to see a gameplan for fiscal convergence fiscal unification in europe. it will not happen for many years. without a clear gameplan, continued uncertainty will hang over european markets. adam: as i wrap up, sir, i hear so-called experts saying we can let greece go out of europe, they're not a issue. i think in april, you told another program, to let greece go is unmanageable. it is over a trillion euro exposure to europe. that just can't be fathommed. is that accurate? >> i think that's right. in fact i think the exposure to a certain extent has grown in the official sectors since then. certainly private sector is exposure down because of the huge debt reduction we executed earlier this spring but if you think about the basic fact that the ecb itself is exposed to greece obligors it the tune of twice the level of its capital, if you think about the potential contagion that
could sweep through spain, portugal, italy and ireland you see the potential implications to this and cost to europe will be much, much greater than the paltry 20 or 30 additional billion which is needed to allow greece a bit more time to get back on its feet. we're talking upwards one trillion, probably close to two trillion in additional expenses. let's remember, even if greece leaves the euro it remains a member of european union. therefore the european union will still have to help stablize what could be an extremely unstable situation. adam: charles, thank you very much for joining us here on fox business network's "money". you have a good evening, sir. >> pleasure to be with you, adam. adam: turning to politics, mitt romney delivered an impassioned vision for america's economic future. but did voters deliver that to reality? a $15 billion ad deal for post office could shed
♪ . adam: mitt romney, the republican presidential nominee coming off the night of his political life. when he walked into the convention hall last night reaching to shake delegates hands, almost looked like he was in the white house. at least ready to give a state of the union speech walking through capitol hill, right? before we get way ahead of ourselves. after all their, 67 days to go until the election? the real question did governor romney deliver last night? joining us to fight this one out, ford o'connell, republican strategist and chairman of civic forum pac. chris kofinis, a democratic strategist.
gentlemen, first question to you, just the performance, forget the data in the speech, thumbs up and a phrase to describe it, did he deliver. chris you go first. >> i give him a thumbs neutral and the phrase i would use, better than eastwood. adam: better than eastwood. okay, ford, respond. >> successful. he portrayed himself as the adult in the race. adam: okay. we've got the adult and we've got eastwood. there was a moment in his speech last night some people are refering to almost like, mr. gorbachev, reagan, tear down that wall. listen to this portion of the speech. [cheers and applause] adam: think we've got, i think we're having trouble with that. let me tell you it was the portion where he describes the president, look you promised to lower sea levels, you promised to stop global warm. i problem to help your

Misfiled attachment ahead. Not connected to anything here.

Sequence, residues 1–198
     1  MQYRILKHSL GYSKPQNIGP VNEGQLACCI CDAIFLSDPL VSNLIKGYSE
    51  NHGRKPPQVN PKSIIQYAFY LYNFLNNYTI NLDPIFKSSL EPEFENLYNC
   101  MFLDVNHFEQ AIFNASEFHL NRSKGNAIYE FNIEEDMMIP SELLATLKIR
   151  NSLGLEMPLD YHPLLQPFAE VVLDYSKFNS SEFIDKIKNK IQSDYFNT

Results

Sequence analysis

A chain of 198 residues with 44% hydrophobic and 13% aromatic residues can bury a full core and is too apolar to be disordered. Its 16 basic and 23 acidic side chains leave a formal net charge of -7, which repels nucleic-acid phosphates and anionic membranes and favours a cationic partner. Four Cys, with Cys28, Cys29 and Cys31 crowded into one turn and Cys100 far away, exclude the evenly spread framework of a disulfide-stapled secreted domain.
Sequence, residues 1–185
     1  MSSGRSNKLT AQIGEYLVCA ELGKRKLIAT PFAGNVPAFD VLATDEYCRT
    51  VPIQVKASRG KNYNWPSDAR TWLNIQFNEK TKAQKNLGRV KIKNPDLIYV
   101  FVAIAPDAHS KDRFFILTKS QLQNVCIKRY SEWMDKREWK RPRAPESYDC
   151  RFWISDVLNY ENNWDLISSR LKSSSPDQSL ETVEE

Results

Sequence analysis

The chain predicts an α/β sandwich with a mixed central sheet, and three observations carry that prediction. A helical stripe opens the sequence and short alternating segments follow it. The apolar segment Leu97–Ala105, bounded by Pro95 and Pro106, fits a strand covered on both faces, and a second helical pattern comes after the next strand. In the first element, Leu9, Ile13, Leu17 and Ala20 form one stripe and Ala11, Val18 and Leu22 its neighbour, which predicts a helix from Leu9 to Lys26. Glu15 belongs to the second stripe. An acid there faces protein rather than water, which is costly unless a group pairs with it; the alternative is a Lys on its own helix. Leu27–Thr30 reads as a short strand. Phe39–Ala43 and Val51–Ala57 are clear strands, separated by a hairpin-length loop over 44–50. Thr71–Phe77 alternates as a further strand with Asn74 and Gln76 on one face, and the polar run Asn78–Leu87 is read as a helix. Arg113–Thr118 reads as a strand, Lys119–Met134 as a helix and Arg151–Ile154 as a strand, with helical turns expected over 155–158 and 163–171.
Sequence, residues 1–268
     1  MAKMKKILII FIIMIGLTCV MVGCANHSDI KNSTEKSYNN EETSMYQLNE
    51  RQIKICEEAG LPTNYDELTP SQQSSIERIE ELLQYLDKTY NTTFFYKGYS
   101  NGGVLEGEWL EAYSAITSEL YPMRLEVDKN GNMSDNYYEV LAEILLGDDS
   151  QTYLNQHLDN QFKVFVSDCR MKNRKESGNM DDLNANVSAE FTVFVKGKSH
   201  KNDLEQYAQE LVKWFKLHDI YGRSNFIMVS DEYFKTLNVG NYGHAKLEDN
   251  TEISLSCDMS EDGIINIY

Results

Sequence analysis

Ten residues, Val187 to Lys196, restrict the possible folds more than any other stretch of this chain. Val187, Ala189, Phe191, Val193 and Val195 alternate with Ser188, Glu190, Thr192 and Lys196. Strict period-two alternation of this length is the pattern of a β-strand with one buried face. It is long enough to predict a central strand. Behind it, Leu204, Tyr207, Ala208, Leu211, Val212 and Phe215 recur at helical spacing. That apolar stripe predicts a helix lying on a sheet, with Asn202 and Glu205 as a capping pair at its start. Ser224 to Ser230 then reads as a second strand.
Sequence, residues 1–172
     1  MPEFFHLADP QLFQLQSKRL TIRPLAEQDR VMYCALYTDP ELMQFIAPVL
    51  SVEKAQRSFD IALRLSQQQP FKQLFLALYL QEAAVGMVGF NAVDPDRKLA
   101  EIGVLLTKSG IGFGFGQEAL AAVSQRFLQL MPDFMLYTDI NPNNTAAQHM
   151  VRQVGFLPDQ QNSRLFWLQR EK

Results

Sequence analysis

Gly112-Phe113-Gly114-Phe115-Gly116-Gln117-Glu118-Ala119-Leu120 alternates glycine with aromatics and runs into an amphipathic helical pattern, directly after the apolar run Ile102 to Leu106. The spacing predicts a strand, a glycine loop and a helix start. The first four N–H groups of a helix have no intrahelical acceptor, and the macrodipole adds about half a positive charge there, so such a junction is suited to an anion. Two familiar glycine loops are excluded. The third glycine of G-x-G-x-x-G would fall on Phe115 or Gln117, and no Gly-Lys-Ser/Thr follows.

family. ford,s that has to be a winner, right. >> absolutely. these are serious times and we need serious solutions. i will deliver on the jobs and energy security. adam: chris? >> it was a good sinker. i think the problem romney has he doesn't really connect. the reality when you're talked about undecided voters i'm not sure they saw anything that will move him. the speech hurt him but i don't think it will move anyone on the fence. >> it was not targeted left or right. it was targeted to independent voters. >> if that is the case it won't work. adam: chris, why do you say it doesn't work? seemed to be a neutral speech reaching out to women when he talked about his mother who ran for senate in michigan? seemed like a warm inviting speech. >> the beginning of the speech i thought was really good, he talked about his personal background, his family, his parents, his wife. i thought that was really
smart and really emotional. when he got into policy, you lack specifics and detail. then he went into complete crazy -- >> he promised 12 million jobs and energy security by 2020. the president has nothing but broken promises. >> let me put it this way, if there is bounce, let's see what the bounce is. i don't imagine it will be very much. >> chris, we had six point bounce first two days of the question. >> what polling are you looking at. adam: stop, done, gentlemen, one word, make my day. you have to answer this question, clint eastwood, chris? >> that was good, bad and ugly. it was like, car accidents hitting each other again and again. adam: ford? >> i would rather listen to him 100 times over than debbie wasserman schultz try to defy gravity with her ridiculous logic. >> at least eastwood thing was disaster. adam: in bridge, they say trumped. thanks for joining us. the voters will decide the outcome on november 6:00.